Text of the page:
You need to have administrator access to remote computers to be able to scan them (local administrator or domain administrator rights). If you have logged on as domain administrator or remote computers have the same name and password for the local administrator account as your account, you can use the Current user scan option. Otherwise specify the user name in full format: DOMAIN\Administrator.
Remote administrator access with blank password is not allowed starting with Windows XP.
This version of Windows cannot be scanned remotely. It’s an OS limitation, and the Access denied error will be displayed at all times. However, it’s possible to scan XP Home locally by running the standalone audit tool tniwinagent.exe (located in the program's installation folder) on that machine. It’ll generate an .inv file with scan results, which should be copied to the program's storage (it will be imported upon TNI’s next launch or immediately, if TNI is running) or imported by using the Storage main menu or any group's context menu.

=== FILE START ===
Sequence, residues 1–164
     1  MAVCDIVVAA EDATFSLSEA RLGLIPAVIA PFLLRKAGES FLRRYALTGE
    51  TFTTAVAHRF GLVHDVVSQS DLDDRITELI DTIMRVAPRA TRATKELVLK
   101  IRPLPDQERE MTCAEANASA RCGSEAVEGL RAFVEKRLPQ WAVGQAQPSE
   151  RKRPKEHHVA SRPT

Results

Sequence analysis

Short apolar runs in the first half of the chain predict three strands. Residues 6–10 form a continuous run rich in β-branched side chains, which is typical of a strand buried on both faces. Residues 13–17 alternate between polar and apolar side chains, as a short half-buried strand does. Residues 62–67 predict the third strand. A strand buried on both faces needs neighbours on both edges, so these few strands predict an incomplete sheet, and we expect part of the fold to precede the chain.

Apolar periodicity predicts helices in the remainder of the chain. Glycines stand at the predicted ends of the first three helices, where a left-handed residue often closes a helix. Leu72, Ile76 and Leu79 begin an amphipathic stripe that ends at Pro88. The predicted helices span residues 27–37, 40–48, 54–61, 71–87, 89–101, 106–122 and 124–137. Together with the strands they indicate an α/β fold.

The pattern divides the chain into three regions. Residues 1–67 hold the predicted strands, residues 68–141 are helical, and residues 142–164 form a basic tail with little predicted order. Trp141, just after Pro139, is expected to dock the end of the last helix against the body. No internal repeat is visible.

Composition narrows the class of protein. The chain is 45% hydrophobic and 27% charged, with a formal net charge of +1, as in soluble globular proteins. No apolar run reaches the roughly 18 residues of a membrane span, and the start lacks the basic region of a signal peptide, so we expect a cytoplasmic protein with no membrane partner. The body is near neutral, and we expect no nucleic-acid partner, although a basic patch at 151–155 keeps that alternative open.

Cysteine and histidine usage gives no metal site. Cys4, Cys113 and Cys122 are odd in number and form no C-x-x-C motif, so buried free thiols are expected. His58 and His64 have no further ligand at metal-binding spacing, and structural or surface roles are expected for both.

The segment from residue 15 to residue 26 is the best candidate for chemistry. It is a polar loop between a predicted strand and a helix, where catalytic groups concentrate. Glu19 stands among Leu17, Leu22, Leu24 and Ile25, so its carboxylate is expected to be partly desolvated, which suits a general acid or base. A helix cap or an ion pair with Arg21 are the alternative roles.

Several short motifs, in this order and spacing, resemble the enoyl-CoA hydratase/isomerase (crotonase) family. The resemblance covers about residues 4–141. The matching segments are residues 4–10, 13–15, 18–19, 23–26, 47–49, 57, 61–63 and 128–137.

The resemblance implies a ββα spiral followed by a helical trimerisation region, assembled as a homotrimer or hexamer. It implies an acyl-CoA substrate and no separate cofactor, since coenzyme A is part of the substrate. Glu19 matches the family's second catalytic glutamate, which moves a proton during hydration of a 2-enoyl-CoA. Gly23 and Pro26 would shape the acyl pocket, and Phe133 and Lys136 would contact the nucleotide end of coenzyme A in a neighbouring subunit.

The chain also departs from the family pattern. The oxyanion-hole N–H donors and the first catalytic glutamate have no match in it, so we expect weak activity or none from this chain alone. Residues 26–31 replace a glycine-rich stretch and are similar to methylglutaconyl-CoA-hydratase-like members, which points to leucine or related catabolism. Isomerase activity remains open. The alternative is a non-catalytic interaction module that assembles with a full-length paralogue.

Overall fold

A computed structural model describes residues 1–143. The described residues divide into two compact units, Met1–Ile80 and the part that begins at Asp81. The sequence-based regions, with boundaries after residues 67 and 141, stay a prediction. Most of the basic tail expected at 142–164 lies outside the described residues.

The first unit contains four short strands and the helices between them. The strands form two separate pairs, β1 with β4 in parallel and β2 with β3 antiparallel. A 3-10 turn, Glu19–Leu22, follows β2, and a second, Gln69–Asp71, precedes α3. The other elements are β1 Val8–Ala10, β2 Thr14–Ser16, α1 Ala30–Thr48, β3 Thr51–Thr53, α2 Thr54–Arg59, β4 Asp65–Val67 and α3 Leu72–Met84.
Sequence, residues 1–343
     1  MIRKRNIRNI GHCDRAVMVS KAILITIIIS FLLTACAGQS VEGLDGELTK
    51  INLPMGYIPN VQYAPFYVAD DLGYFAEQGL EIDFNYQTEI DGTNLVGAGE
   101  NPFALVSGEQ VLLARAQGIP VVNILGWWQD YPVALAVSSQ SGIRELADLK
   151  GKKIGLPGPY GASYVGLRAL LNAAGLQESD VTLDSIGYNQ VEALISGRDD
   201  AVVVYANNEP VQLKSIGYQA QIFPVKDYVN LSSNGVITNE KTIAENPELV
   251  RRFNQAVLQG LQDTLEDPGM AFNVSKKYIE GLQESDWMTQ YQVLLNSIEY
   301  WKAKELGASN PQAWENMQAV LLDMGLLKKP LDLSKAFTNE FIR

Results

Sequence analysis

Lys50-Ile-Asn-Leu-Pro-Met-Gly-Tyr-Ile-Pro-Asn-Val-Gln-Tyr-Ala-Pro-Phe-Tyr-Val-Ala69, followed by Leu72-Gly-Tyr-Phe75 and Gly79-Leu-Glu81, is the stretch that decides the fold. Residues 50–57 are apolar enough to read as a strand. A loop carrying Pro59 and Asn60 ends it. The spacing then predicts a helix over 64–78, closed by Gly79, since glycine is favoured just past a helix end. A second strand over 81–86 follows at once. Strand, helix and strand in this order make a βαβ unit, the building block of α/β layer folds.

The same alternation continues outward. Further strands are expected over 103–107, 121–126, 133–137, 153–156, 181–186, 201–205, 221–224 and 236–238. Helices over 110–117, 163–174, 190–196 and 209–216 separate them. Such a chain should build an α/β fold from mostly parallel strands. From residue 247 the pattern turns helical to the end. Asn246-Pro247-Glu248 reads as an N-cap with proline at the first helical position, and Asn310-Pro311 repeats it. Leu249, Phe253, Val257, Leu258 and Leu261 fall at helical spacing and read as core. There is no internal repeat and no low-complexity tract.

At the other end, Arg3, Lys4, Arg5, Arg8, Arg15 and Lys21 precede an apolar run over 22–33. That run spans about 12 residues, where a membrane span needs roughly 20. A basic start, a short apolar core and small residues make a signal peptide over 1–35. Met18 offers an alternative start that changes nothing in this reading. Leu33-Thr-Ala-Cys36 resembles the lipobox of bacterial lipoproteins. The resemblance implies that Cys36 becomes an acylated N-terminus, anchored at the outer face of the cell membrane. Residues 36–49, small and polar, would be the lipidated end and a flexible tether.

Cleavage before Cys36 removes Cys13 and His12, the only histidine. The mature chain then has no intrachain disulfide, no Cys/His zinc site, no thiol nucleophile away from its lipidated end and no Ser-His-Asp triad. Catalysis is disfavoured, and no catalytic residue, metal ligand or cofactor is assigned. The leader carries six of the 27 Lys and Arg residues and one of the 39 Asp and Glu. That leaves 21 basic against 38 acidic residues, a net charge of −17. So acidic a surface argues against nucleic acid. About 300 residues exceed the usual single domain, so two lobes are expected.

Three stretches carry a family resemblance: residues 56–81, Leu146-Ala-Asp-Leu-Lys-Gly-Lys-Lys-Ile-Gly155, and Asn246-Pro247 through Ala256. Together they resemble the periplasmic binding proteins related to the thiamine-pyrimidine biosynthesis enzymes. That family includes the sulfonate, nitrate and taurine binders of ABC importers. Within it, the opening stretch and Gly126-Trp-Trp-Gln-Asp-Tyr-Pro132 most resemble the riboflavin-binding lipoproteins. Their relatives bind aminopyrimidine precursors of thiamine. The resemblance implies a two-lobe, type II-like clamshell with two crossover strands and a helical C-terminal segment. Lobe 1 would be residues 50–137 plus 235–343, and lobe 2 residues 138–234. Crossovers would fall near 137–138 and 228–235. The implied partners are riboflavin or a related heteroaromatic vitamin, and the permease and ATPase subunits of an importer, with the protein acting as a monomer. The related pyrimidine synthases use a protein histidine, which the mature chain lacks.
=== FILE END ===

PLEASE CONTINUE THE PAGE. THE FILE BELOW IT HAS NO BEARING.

Workstations running Windows XP, Vista or later client versions and not connected to a domain don't allow the local administrator to authenticate as himself by default. Instead, the ForceGuest policy is used, which means that all remote connections are mapped to the Guest account. But again, the administrator rights are required for running the scan. Thus, you need to update the security policy on each computer using one of the following ways:
* Run secpol.msc, expand Local policies / Security options, locate the Network access: Sharing and security model for local accounts policy and change its value from Guest to Classic.
* Disable the Use simple file sharing option in File Explorer’s Folder Options.